READ: Money Matters: This Online Marketplace Makes Real Estate Investment Easy

Parvis’ selection of real estate products is strategically built via direct collaboration with developers and property owners, plus team insights, analytics, and industry data. Opportunities also undergo vetting by the company’s Investment Committee, which has insight and experience from the worlds of real estate development, private equity, tech, law, and finance.

Capturing the essence of Parvis’ curated offerings, a new 24-storey condo development called Centra invites investors to get in on the ground floor of something special in Surrey, BC. The building’s developer, Everest Group, boasts a team with more than 150 years of combined experience in international real estate and construction management, with more than 30 successfully completed projects and over 1,000 acres of land developed.

The project, five months into its 24-month building schedule, brings 164 residential condominiums — plus three townhomes and two levels of underground parking — to one of Canada’s fastest-growing cities (and the fastest-growing in BC; Surrey’s population is expected to more-than double in the next decade).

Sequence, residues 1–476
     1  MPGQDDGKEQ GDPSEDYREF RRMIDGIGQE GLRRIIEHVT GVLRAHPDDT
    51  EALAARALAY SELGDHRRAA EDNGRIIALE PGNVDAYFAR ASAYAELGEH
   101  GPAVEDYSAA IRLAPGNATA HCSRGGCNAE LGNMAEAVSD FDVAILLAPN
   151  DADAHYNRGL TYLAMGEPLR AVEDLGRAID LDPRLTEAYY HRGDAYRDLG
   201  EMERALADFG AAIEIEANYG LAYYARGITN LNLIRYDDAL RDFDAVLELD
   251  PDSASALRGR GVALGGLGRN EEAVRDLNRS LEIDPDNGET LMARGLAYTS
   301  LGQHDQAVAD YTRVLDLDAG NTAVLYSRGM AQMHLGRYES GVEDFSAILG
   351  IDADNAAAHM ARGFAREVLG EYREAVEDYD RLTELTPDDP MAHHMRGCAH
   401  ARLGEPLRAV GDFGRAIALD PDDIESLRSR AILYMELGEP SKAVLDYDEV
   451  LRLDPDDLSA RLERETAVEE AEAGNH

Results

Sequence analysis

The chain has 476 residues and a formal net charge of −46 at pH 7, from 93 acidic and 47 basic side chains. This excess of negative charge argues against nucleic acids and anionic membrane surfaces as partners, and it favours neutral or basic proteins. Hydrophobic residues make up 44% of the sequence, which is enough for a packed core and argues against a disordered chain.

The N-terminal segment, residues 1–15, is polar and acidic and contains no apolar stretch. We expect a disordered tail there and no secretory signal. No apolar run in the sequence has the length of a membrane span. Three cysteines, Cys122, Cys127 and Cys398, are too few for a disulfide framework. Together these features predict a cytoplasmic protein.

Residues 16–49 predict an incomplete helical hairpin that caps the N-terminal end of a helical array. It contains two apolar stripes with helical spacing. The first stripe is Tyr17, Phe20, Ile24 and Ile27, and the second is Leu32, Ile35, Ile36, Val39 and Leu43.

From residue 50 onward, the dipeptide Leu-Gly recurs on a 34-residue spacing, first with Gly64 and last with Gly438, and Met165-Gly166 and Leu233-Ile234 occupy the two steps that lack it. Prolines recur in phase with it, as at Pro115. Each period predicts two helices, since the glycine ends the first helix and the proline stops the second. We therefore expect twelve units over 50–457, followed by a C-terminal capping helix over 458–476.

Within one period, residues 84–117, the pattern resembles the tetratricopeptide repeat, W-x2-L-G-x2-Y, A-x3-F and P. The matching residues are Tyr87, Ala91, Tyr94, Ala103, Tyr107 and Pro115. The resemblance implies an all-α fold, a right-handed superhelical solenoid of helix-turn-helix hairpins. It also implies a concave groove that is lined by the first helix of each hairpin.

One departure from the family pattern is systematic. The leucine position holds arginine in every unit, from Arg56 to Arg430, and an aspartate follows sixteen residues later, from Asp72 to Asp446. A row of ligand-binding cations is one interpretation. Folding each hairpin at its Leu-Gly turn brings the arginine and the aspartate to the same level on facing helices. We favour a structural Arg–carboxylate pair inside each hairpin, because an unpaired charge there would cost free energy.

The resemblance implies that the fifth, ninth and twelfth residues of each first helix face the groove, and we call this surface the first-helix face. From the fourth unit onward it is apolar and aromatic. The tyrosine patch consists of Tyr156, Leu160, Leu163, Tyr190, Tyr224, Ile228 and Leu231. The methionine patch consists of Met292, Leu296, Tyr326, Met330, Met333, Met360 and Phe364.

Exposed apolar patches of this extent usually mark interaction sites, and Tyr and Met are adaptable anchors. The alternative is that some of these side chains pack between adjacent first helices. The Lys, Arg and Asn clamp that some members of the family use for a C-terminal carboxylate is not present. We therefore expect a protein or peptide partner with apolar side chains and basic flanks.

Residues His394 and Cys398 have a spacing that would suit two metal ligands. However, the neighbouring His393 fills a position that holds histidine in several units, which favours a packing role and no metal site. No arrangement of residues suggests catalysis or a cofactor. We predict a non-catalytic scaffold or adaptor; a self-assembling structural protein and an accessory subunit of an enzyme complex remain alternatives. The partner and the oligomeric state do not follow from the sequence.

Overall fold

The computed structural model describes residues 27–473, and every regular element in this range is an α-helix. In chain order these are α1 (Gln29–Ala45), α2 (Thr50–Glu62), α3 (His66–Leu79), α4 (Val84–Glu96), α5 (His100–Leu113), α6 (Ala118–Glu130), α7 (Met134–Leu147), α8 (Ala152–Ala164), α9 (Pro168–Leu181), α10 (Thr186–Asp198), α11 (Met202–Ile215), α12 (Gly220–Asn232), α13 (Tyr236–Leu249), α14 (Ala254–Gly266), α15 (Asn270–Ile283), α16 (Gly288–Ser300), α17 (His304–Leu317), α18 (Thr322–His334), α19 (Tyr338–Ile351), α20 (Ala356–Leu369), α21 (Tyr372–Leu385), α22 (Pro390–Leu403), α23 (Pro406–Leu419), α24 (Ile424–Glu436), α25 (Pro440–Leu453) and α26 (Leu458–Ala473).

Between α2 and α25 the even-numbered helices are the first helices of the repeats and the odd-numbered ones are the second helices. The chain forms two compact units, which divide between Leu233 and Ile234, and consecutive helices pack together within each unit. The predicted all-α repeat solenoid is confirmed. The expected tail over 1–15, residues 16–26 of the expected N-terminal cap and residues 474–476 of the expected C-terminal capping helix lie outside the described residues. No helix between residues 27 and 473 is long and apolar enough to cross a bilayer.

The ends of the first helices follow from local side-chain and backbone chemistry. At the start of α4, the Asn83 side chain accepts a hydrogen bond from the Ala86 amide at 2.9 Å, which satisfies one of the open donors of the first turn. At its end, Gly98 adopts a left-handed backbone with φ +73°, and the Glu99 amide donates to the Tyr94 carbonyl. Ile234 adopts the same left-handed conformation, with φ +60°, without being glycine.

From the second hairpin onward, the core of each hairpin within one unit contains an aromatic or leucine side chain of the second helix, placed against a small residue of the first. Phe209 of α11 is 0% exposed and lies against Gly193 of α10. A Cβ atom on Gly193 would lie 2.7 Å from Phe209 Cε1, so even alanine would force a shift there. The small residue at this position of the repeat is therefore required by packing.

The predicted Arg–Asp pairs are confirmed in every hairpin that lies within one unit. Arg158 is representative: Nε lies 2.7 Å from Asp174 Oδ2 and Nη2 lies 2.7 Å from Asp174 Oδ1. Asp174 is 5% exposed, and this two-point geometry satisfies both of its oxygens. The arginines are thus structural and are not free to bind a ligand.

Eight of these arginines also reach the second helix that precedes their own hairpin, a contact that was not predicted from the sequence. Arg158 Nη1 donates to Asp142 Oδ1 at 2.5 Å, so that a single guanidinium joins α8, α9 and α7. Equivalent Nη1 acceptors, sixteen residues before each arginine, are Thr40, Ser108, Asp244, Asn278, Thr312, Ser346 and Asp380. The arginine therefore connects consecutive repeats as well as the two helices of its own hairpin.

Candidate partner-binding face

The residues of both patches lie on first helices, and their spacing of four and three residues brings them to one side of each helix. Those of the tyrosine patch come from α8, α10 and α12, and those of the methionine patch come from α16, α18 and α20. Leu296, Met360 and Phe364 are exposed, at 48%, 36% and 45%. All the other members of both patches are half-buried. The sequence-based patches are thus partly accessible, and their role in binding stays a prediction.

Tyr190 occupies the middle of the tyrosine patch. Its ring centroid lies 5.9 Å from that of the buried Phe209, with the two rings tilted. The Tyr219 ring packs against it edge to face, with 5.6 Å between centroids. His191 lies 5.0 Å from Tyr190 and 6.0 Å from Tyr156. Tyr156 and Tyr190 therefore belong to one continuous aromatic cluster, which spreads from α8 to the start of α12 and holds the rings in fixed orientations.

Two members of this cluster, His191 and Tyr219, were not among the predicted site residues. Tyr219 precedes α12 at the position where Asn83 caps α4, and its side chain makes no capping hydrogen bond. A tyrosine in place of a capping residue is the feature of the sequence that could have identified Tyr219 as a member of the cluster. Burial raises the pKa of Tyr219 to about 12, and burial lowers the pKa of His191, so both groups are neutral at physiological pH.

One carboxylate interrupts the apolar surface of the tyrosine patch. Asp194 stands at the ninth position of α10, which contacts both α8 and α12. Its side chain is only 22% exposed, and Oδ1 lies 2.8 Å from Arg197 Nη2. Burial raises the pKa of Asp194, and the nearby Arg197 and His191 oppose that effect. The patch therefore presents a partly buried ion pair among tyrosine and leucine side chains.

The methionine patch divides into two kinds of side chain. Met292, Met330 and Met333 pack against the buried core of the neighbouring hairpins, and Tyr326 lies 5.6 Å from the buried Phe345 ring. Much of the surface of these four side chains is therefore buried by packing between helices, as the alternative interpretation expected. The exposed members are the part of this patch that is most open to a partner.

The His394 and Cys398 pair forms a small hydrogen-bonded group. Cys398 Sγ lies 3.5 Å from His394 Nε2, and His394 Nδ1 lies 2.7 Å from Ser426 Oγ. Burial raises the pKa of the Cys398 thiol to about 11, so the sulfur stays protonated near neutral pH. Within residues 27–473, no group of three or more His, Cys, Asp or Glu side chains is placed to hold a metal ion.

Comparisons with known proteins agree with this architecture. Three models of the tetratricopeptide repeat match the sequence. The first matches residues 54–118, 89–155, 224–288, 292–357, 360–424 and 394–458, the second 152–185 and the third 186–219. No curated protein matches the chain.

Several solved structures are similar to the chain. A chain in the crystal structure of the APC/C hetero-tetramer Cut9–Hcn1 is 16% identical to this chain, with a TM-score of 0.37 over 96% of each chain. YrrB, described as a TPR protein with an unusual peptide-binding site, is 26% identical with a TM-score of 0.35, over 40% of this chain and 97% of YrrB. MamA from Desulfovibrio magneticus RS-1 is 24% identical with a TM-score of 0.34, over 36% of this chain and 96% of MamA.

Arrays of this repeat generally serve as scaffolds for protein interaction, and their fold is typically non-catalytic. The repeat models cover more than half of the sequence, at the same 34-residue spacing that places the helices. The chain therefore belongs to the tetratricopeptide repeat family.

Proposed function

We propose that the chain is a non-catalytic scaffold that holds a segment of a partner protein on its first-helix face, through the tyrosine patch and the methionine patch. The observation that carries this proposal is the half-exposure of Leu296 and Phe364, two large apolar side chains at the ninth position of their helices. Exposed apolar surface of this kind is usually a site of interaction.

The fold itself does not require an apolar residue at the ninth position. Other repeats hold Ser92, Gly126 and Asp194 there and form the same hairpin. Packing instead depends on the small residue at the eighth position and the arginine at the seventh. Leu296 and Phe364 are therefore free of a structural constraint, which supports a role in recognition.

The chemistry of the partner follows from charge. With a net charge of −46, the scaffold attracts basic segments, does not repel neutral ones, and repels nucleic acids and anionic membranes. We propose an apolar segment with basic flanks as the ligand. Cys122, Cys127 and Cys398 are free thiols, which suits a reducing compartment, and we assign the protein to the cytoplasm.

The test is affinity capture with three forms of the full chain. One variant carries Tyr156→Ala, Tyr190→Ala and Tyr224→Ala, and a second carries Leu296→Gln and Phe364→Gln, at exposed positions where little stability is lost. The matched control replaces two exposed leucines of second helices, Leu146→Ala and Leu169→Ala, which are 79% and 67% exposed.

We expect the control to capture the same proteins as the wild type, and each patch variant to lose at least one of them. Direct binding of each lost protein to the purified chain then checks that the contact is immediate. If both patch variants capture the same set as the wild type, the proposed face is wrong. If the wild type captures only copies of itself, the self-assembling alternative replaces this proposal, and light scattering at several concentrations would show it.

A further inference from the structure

Located at 13868 101 Ave, the building is near a host of restaurants and shops, as well as Simon Fraser University, Memorial Hospital, and Skytrain access. Downtown Vancouver is just a short drive away, serving spots to tuck into for a bite, a live show, or an afternoon of shopping. And at the end of the day, residents can comfortably return to their lush, green, and calm family-friendly neighborhood.

For investors, Centra’s risk profile is classified as moderate to high level of risk, because it’s a new construction building. Two factors that help de-risk this project, relative to comparable new developments, are that over 80% of its units are pre-sold, and Parvis investors will receive a preferential equity return of 17.5% IRR. The Parvis equity return is in priority to the remaining equity invested.